The lowest incidence of atherosclerotic events over time occurs within those with both the highest concentrations of total HDL particles (the top quarter, >75%) and the highest concentrations of large HDL particles. Multiple additional measures, including LDL particle concentrations, small LDL particle concentrations, VLDL concentrations, estimations of insulin resistance and standard cholesterol lipid measurements (for comparison of the plasma data with the estimation methods discussed above) are routinely provided in clinical testing.
How do I know what my HDL level is? Good Cholesterol/HDL
A blood test can measure your cholesterol levels, including HDL. When and how often you should get this test depends on your age, risk factors, and family history. The general recommendations are:
For people who are age 19 or younger:
- The first test should be between ages 9 to 11
- Children should have the test again every 5 years
- Some children may have this test starting at age 2 if there is a family history of high blood cholesterol, heart attack, or stroke
For people who are age 20 or older
- Younger adults should have the test every 5 years
- Men ages 45 to 65 and women ages 55 to 65 should have it every 1 to 2 years
What should my HDL level be?Good HDL
With HDL cholesterol, higher numbers are better, because a high HDL level can lower your risk for coronary artery disease and stroke. How high your HDL should be depends on your age and sex:
|Group||Healthy HDL Level|
|Age 19 or younger||More than 45mg/dl|
|Men age 20 or older||More than 40mg/dl|
|Women age 20 or older||More than 50mg/dl|
HDL is composed of cholesterol, triglycerides, and various apolipoproteins. In particular, the composition of HDL is apolipoproteins Apo-AI, Apo-AII, Apo-AIV, Apo-AV, Apo-C1, Apo-CII, Apo-CIII, and Apo-E.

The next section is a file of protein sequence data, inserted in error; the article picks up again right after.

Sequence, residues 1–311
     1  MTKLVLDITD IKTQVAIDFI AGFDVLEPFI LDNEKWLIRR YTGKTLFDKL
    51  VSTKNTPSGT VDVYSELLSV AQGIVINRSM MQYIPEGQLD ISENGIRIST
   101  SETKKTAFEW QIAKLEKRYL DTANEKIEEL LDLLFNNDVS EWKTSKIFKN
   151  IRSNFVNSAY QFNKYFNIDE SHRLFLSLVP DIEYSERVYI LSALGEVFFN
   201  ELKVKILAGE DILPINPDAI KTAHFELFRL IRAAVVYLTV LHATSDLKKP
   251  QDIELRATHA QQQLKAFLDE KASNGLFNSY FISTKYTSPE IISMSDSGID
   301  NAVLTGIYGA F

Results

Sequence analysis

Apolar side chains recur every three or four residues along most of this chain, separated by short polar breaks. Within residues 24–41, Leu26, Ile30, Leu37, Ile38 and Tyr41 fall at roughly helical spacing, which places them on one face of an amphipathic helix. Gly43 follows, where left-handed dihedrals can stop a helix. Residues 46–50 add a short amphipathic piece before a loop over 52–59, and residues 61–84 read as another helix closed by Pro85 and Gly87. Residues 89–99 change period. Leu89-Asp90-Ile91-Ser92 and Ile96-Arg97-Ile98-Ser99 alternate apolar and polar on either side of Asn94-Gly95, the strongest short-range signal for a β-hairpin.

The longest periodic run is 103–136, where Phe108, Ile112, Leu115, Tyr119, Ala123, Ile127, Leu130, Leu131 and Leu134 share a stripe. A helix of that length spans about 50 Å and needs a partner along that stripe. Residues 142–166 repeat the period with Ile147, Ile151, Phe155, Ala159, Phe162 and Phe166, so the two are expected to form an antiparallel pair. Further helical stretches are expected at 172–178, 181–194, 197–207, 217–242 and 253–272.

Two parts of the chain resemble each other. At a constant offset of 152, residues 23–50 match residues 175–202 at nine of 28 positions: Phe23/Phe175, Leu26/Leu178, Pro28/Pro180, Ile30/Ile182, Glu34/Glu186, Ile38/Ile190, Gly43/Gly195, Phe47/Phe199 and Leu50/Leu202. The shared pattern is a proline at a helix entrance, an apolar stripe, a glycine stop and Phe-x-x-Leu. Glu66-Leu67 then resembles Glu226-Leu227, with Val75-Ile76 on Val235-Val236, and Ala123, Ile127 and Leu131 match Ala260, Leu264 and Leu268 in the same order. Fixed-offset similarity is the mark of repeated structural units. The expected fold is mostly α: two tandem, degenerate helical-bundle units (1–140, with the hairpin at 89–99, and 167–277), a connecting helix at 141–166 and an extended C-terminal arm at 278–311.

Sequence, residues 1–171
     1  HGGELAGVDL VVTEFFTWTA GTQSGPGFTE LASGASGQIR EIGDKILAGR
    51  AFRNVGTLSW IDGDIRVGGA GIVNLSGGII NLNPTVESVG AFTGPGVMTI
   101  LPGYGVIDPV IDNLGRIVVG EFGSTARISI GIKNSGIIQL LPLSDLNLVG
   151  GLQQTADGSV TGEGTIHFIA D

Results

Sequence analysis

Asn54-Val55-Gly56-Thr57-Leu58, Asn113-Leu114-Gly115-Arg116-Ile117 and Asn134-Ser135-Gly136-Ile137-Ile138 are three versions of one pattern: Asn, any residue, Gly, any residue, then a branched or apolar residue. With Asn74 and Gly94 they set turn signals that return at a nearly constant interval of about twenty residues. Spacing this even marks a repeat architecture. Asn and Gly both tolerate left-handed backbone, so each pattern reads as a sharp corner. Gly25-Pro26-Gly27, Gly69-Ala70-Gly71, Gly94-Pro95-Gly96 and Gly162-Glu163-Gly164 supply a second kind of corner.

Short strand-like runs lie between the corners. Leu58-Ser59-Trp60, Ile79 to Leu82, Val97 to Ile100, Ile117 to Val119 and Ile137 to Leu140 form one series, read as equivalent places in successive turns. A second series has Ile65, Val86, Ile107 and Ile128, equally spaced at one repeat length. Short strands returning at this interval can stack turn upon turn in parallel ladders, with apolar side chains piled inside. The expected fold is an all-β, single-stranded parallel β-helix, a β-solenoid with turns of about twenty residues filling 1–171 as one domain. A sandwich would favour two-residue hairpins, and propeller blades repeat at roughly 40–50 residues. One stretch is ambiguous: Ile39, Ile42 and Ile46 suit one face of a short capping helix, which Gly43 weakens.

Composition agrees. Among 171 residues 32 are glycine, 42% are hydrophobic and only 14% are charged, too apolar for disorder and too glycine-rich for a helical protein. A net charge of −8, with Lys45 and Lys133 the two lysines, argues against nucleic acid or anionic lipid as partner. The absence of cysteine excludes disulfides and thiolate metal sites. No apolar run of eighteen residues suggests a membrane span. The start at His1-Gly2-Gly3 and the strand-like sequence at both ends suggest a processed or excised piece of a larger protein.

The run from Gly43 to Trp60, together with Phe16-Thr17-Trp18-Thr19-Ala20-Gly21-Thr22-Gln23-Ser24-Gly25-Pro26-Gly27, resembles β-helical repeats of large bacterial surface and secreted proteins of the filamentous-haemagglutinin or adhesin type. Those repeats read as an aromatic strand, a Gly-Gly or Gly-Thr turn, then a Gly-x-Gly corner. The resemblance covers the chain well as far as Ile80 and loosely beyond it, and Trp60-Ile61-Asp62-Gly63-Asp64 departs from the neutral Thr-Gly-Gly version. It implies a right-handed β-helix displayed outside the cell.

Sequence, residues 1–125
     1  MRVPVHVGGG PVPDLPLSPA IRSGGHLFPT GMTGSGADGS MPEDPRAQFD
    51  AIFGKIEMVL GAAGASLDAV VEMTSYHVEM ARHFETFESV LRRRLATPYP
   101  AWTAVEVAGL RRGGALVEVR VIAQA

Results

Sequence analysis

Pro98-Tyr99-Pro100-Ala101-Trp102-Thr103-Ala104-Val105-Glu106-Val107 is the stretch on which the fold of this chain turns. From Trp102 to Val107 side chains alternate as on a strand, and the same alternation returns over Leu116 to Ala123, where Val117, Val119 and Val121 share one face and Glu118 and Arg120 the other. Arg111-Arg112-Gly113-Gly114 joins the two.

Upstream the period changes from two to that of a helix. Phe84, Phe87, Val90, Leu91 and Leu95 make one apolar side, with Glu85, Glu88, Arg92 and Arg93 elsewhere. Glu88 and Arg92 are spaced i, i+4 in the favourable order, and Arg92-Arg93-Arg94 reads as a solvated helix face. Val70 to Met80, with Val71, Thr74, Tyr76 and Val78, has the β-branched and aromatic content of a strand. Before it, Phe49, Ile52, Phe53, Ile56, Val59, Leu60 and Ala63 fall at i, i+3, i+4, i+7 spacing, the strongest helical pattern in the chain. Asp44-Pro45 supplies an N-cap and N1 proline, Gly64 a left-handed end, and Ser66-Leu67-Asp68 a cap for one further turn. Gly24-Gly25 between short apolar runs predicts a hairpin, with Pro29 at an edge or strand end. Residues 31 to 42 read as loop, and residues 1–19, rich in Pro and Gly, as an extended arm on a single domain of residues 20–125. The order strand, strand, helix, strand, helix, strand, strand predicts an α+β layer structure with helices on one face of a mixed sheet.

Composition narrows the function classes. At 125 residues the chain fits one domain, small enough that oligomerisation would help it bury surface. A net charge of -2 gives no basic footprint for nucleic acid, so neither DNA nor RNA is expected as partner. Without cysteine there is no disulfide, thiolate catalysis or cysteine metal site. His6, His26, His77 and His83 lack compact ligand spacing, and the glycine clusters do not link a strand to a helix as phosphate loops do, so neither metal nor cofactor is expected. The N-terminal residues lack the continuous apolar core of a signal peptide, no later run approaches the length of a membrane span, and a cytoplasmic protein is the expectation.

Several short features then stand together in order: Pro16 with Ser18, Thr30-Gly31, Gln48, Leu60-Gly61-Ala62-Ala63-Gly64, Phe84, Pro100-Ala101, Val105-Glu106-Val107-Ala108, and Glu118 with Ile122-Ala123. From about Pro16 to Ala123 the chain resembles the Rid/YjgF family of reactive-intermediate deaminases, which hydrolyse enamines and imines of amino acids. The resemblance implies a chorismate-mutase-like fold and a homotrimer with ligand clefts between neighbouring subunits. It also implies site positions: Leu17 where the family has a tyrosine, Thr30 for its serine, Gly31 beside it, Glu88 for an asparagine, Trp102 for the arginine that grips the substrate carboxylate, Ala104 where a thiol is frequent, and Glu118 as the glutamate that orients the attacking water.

Apo-AI is the primary structural apolipoprotein of HDL and activates Lecithin–Cholesterol AcylTransferase (LCAT).
Apo-AII is also a structural protein in HDL and acts as an activator of hepatic lipase.
Apo-IV has an unknown function.
Apo-AV activates lipoprotein lipase (LPL), which is responsible for triglyceride lipolysis.
Apo-CI is responsible for activating LCAT.
Apo-CII is responsible for activating LPL
Apo-CIII is responsible for inhibiting LPL.
Apo-E is a ligand for the LDL receptor.
Causes of HDL Can Be Decrease
HDL gets tested through blood sampling and is commonly determined within a complete lipid profile. Testing in adults requires fasting for 12 hours before sampling, whereas testing is possible without fasting in the youth without risk factors for heart disease. Without fasting, only total cholesterol and HDL are usable. In this scenario, if the total cholesterol is ≥200 mg/dL or HDL is below 40 mg/dL, the NCEP III guidelines indicate a follow-up lipoprotein profile is necessary for management based on LDL.[rx]
A lipid profile, and thus HDL-C, may be ordered for those with risk factors for heart disease, which includes: